What’s the point in spending a lot of time and effort in getting the best people to join your team, if you’re not prepared to let their talents loose for the good of the company?
It sounds like a stupid question, but in reality it happens all the time; great people are onboarded with promises of exciting challenges and an opportunity to make an impact. And a few months later they leave again, disgruntled, hopes dashed and with a really poor experience of you and your company.
Except in cases of a bad hire, it is rarely the departing team members fault that things didn’t go according to plan. It’s mainly on you for not ensuring that they were provided with the guidance, tools and mandate to do what they were hired to do.
Often this comes down to the fear of losing control as a founder. After all, you and your co-founders built the company to where it is today, and it would be a real disaster for anyone to come and mess that up. It’s super understandable, and I get it. But you can’t think like that if you want your company to continue on its growth trajectory.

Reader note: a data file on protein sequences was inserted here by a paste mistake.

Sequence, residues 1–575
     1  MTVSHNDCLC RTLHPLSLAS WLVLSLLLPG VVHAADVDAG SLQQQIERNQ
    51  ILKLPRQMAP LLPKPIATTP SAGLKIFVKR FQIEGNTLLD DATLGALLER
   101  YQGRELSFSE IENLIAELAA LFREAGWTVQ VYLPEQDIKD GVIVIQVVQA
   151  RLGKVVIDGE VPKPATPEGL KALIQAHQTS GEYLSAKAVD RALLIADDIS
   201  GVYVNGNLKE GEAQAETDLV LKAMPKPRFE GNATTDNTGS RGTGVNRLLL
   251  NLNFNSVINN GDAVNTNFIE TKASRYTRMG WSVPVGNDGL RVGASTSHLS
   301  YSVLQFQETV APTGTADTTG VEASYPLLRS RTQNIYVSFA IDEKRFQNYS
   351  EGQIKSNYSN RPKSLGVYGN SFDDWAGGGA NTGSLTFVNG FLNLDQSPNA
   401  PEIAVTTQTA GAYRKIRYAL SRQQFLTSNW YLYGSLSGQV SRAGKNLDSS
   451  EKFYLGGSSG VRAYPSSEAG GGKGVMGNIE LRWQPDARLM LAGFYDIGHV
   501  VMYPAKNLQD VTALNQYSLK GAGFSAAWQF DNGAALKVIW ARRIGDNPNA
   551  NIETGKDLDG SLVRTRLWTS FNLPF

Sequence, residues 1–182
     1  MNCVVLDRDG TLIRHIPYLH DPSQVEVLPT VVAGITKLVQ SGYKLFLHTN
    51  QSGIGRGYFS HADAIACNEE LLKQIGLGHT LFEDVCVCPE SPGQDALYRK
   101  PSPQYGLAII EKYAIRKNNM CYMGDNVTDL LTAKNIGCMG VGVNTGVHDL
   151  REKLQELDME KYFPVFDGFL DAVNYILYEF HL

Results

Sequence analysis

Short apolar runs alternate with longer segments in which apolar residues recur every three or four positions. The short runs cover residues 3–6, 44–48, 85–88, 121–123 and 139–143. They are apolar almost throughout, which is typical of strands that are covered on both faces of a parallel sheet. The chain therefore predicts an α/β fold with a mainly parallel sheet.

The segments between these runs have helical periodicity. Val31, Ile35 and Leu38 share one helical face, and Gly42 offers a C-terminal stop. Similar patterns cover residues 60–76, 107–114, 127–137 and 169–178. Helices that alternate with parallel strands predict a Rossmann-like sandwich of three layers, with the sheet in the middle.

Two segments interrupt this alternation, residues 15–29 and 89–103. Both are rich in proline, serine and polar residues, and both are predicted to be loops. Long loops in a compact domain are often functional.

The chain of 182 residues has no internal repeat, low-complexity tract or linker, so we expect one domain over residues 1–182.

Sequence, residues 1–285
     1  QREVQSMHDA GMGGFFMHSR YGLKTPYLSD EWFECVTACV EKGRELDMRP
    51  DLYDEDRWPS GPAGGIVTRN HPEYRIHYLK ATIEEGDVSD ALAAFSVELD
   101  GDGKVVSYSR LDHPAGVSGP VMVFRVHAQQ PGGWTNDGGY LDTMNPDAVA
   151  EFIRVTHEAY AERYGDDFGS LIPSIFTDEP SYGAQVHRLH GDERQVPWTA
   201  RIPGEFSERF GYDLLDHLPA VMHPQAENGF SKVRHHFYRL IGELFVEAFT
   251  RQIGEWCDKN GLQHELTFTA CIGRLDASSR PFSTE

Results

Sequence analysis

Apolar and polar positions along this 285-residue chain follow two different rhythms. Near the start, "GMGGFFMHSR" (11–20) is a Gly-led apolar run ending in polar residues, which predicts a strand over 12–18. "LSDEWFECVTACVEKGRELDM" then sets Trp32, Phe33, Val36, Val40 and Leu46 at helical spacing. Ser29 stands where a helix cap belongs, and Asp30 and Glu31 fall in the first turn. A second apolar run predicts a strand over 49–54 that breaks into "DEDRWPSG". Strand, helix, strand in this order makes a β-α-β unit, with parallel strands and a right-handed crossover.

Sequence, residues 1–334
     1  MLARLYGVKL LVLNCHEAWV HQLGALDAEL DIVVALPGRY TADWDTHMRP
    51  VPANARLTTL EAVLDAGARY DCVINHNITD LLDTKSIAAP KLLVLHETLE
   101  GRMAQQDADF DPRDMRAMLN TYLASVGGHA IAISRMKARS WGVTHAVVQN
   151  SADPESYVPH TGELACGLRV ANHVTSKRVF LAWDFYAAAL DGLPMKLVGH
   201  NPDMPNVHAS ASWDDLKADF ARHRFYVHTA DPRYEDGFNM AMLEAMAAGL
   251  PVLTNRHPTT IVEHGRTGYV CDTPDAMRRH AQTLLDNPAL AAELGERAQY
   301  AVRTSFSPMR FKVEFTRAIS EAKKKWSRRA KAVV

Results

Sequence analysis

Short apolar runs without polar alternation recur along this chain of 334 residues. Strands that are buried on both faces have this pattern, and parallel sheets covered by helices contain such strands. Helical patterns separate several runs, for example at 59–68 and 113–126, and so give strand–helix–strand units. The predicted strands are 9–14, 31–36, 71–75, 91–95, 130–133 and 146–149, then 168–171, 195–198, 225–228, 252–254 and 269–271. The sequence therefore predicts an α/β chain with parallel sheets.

Instead you need to realize that you have limits. That there are other and better people out there at doing what needs to get done to get to the next level. And that your task is to persuade them to join your company instead of the competition. And then – basically – get out of their way. Within reason of course.
Personally, I have always found that you generate the best results when you’re brave enough to be ambitious in your recruitment and go for people that are better and smarter than yourself and then do your utmost to provide them with the freedom to operate. Why? Because when they deliver according to expectations – or maybe well beyond that – you and your company deliver as well.
So please, free your talents. Or they will move on to somewhere else, where they can.